London has been knocked off its perch as the financial capital of the world by New York for the first time, according to the Global Financial Centres Index. Reasons cited for the London downfall include scandals in markets and banking, such as problems encountered with PPI, uncertainty surrounding the UK’s EU membership and the upcoming Scottish independence referendum. The UK’s capital, however, doubtlessly remains an important player in the private equity universe.
According to Preqin’s Fund Manager Profiles online service, there are 407 active private equity firms that are headquartered in London, representing a vast 81% majority of the entire UK-based private equity firm count. Over the last decade, these houses have cumulatively collected $354bn in capital commitments and have an estimated $94bn of dry powder. Many commentators have pointed out that the UK has a ‘two speed’ economy, with most growth emanating from London and the South East region, and the private equity industry is no different, with evidence showing a prominent gap of activity between the capital and the rest of the country.
London is not just a significant private equity player in the UK; in fact, London-based private equity firms make up over a quarter (28%) of all Western Europe-based firms. To provide some perspective, Paris has the next largest amount with around 11% of all Western Europe-based private equity firms and Munich, in third place, accounts for less than 4%. Furthermore, Preqin’s data shows that London-based firms in the last 10 years have raised 59% of all funds raised in Western Europe.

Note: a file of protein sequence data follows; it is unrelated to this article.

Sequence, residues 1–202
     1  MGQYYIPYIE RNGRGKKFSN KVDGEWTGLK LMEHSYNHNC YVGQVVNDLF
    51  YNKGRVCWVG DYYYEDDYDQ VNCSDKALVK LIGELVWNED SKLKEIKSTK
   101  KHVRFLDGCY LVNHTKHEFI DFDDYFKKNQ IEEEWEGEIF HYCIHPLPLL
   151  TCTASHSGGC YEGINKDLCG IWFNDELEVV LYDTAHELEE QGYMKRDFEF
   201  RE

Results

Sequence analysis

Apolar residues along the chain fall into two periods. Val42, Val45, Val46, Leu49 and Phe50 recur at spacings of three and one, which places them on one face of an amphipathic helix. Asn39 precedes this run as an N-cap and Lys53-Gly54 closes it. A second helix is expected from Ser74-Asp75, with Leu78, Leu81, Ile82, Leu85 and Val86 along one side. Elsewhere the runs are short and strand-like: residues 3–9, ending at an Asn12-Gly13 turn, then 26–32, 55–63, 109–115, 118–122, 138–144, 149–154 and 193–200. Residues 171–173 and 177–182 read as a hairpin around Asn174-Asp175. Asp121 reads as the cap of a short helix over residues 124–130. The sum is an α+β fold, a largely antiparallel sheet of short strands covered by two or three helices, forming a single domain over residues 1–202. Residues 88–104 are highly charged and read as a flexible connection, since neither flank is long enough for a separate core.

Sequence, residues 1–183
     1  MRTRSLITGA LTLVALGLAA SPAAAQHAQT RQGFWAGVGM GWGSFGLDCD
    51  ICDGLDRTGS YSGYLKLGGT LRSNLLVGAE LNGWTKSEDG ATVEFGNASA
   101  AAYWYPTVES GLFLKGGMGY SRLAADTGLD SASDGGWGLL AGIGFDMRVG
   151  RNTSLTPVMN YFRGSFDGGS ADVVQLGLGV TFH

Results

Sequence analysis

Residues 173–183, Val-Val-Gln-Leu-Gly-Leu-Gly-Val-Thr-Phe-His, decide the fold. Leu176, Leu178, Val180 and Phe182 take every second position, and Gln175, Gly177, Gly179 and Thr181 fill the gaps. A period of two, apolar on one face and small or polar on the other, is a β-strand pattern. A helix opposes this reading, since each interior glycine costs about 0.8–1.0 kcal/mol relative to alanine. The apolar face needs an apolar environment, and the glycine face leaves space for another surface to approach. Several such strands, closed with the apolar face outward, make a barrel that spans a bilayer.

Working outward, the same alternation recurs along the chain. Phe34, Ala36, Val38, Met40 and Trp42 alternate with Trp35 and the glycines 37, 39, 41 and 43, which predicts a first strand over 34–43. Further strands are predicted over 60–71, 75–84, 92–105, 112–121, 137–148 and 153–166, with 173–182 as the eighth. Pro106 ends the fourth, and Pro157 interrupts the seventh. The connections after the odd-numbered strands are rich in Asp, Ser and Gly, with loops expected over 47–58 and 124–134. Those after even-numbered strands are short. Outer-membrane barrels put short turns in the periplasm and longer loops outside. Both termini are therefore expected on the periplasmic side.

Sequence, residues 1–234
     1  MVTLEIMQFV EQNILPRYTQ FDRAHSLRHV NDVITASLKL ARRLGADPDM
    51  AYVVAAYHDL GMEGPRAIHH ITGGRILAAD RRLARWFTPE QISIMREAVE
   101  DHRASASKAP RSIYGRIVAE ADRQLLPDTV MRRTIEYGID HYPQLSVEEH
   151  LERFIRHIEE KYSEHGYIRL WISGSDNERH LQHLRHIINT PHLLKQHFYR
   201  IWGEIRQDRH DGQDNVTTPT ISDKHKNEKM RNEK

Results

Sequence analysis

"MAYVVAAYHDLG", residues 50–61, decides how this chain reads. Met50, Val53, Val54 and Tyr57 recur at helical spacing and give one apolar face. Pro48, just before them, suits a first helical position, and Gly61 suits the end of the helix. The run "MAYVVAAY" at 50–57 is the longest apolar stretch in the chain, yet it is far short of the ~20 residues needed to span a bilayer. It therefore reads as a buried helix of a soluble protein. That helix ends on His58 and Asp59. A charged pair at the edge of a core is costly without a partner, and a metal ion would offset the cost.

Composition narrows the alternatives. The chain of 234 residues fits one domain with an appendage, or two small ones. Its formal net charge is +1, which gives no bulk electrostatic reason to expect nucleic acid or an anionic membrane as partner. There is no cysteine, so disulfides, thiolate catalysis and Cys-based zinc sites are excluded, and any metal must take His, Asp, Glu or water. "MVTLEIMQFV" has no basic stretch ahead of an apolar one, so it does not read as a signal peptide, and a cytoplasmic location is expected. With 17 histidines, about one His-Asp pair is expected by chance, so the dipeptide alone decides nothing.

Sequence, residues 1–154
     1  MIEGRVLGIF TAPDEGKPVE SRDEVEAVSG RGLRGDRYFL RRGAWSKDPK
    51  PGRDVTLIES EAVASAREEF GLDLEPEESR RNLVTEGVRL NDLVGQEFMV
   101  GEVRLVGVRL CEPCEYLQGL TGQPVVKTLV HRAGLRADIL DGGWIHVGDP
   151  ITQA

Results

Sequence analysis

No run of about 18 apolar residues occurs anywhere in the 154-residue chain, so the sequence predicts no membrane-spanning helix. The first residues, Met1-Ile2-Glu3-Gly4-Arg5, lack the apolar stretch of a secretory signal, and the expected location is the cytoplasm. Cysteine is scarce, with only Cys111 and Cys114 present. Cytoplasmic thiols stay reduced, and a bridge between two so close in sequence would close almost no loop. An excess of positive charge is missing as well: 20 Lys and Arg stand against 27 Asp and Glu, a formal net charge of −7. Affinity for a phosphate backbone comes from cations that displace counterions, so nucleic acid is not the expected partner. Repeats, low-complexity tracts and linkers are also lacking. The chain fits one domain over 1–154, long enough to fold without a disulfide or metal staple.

The ‘new’ financial capital, New York, tops London in terms of the number of private equity firms. Today, there are 623 New York-based private equity firms, which account for over 17% of all US-based firms. In the last 10 years, these New York-based firms have garnered an aggregate $744bn in capital commitments and today, have an estimated $206bn in dry powder. The amount raised is over twice as much as the London-based firms have managed to accumulate in the same time period. Using the above statistics, on average a New York-based firm will have raised $1.2bn over the past decade compared to $871.4mn for a London-based counterpart, showing that the superiority in capital raised is not down to sheer volume of participants.
London’s biggest private equity player is CVC Capital Partners, which has raised a total of over $48bn in the past 10 years. New York’s largest firm, having garnered in excess of $61bn in the same time period, is Kohlberg Kravis Roberts.
As New York and London continue to battle over the top spot in the wider financial world, the Big Apple comfortably sits ahead of its British rival when it comes to private equity.